9. Body size and predatory performance in wolves: is bigger better?

    Science.gov (United States)

    MacNulty, Daniel R; Smith, Douglas W; Mech, L David; Eberly, Lynn E

    2009-05-01

    1. Large body size hinders locomotor performance in ways that may lead to trade-offs in predator foraging ability that limit the net predatory benefit of larger size. For example, size-related improvements in handling prey may come at the expense of pursuing prey and thus negate any enhancement in overall predatory performance due to increasing size. 2. This hypothesis was tested with longitudinal data from repeated observations of 94 individually known wolves (Canis lupus) hunting elk (Cervus elaphus) in Yellowstone National Park, USA. Wolf size was estimated from an individually based sex-specific growth model derived from body mass measurements of 304 wolves. 3. Larger size granted individual wolves a net predatory advantage despite substantial variation in its effect on the performance of different predatory tasks; larger size improved performance of a strength-related task (grappling and subduing elk) but failed to improve performance of a locomotor-related task (selecting an elk from a group) for wolves > 39 kg. 4. Sexual dimorphism in wolf size also explained why males outperformed females in each of the three tasks considered (attacking, selecting, and killing). 5. These findings support the generalization that bigger predators are overall better hunters, but they also indicate that increasing size ultimately limits elements of predatory behaviour that require superior locomotor performance. We argue that this could potentially narrow the dietary niche of larger carnivores as well as limit the evolution of larger size if prey are substantially more difficult to pursue than to handle.

  10. Body size and predatory performance in wolves: Is bigger better?

    Science.gov (United States)

    MacNulty, D.R.; Smith, D.W.; Mech, L.D.; Eberly, L.E.

    2009-01-01

    Large body size hinders locomotor performance in ways that may lead to trade-offs in predator foraging ability that limit the net predatory benefit of larger size. For example, size-related improvements in handling prey may come at the expense of pursuing prey and thus negate any enhancement in overall predatory performance due to increasing size. 2. This hypothesis was tested with longitudinal data from repeated observations of 94 individually known wolves (Canis lupus) hunting elk (Cervus elaphus) in Yellowstone National Park, USA. Wolf size was estimated from an individually based sex-specific growth model derived from body mass measurements of 304 wolves. 3. Larger size granted individual wolves a net predatory advantage despite substantial variation in its effect on the performance of different predatory tasks; larger size improved performance of a strength-related task (grappling and subduing elk) but failed to improve performance of a locomotor-related task (selecting an elk from a group) for wolves > 39 kg. 4. Sexual dimorphism in wolf size also explained why males outperformed females in each of the three tasks considered (attacking, selecting, and killing). 5. These findings support the generalization that bigger predators are overall better hunters, but they also indicate that increasing size ultimately limits elements of predatory behaviour that require superior locomotor performance. We argue that this could potentially narrow the dietary niche of larger carnivores as well as limit the evolution of larger size if prey are substantially more difficult to pursue than to handle. ?? 2009 British Ecological Society.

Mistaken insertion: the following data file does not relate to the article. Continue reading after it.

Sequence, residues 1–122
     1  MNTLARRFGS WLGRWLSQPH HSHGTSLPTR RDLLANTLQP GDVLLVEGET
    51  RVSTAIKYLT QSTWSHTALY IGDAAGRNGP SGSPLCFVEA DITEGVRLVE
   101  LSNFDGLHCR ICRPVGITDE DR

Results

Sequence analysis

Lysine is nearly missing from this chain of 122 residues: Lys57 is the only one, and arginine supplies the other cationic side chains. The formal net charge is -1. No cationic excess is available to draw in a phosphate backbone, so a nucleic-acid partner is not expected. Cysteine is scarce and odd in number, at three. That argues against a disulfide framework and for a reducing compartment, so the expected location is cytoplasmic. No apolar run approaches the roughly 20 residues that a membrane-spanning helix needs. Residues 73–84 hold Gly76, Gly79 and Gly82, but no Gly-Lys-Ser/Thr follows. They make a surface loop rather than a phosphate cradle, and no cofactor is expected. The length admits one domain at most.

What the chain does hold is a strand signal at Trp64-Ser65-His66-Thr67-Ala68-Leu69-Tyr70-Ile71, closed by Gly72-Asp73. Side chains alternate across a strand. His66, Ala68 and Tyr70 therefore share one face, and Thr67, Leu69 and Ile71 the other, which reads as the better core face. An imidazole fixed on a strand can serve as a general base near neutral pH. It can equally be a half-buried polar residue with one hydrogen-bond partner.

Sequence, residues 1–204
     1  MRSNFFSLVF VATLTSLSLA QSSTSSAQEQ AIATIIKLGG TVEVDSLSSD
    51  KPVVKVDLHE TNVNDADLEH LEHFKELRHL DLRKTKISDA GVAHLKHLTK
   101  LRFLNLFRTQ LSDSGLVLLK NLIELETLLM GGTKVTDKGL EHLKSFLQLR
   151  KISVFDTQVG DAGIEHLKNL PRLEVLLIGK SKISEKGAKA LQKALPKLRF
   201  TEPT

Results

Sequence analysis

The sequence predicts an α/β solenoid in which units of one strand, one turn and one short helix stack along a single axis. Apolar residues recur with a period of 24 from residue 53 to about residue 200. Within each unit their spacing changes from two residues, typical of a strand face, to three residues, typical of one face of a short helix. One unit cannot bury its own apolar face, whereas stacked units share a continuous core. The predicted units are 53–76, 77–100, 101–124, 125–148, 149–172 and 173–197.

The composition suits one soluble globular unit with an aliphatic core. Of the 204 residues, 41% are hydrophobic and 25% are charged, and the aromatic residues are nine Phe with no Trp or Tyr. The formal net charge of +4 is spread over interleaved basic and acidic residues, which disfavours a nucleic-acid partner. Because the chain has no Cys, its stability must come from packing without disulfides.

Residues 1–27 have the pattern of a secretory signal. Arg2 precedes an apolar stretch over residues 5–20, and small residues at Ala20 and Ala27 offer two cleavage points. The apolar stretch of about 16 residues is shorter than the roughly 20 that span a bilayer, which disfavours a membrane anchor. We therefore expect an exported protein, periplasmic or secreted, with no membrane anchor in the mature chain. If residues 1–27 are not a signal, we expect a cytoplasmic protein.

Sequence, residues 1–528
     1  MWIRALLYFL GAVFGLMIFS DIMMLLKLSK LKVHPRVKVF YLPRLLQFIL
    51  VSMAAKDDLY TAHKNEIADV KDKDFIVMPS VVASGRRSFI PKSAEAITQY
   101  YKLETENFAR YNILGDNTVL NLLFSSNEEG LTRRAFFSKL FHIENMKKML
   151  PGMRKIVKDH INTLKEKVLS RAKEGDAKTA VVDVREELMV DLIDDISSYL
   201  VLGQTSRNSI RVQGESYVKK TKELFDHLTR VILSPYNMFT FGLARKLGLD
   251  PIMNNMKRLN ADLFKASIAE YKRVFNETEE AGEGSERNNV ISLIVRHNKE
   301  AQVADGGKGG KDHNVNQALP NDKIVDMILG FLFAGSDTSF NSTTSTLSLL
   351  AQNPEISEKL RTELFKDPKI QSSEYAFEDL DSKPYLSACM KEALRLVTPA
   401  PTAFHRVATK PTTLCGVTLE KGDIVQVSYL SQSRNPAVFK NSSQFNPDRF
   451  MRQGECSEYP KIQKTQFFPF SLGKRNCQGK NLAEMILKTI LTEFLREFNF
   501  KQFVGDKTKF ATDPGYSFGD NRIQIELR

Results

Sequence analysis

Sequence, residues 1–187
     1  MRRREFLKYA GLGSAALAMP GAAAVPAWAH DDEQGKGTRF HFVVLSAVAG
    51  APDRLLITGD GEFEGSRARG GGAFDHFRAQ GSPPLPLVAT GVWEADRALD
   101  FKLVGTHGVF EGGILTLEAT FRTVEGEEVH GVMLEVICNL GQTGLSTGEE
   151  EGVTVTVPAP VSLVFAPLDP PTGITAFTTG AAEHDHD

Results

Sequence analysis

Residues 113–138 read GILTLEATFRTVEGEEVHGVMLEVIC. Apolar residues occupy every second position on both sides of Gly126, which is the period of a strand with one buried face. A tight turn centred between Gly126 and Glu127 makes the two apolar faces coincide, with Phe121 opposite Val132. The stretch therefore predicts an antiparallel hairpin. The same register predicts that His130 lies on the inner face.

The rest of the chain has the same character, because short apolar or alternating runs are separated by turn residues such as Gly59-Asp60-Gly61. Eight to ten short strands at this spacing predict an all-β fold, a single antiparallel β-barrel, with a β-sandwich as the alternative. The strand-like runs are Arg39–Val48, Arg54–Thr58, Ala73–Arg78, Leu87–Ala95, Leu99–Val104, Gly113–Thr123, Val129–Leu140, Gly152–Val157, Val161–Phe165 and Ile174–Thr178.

11. Perception of biological motion from size-invariant body representations

    Directory of Open Access Journals (Sweden)

    Markus eLappe

    2015-03-01

    Full Text Available The visual recognition of action is one of the socially most important and computationally demanding capacities of the human visual system. It combines visual shape recognition with complex non-rigid motion perception. Action presented as a point-light animation is a striking visual experience for anyone who sees it for the first time. Information about the shape and posture of the human body is sparse in point-light animations, but it is essential for action recognition. In the posturo-temporal filter model of biological motion perception posture information is picked up by visual neurons tuned to the form of the human body before body motion is calculated. We tested whether point-light stimuli are processed through posture recognition of the human body form by using a typical feature of form recognition, namely size invariance. We constructed a point-light stimulus that can only be perceived through a size-invariant mechanism. This stimulus changes rapidly in size from one image to the next. It thus disrupts continuity of early visuo-spatial properties but maintains continuity of the body posture representation. Despite this massive manipulation at the visuo-spatial level, size-changing point-light figures are spontaneously recognized by naive observers, and support discrimination of human body motion.

  12. The influence of personal BMI on body size estimations and sensitivity to body size change in anorexia spectrum disorders.

    OpenAIRE

    Cornelissen, Katri; Bester, Andre; Cairns, Paul; Tovee, Martin; Cornelissen, Piers

    2015-01-01

    In this cross-sectional study, we investigated the influence of personal BMI on body size estimation in 42 women who have symptoms of anorexia (referred to henceforth as anorexia spectrum disorders, ANSD), and 100 healthy controls. Low BMI control participants over-estimate their size and high BMI controls under-estimate, a pattern which is predicted by a perceptual phenomenon called contraction bias. In addition, control participants' sensitivity to size change declines as their BMI increase...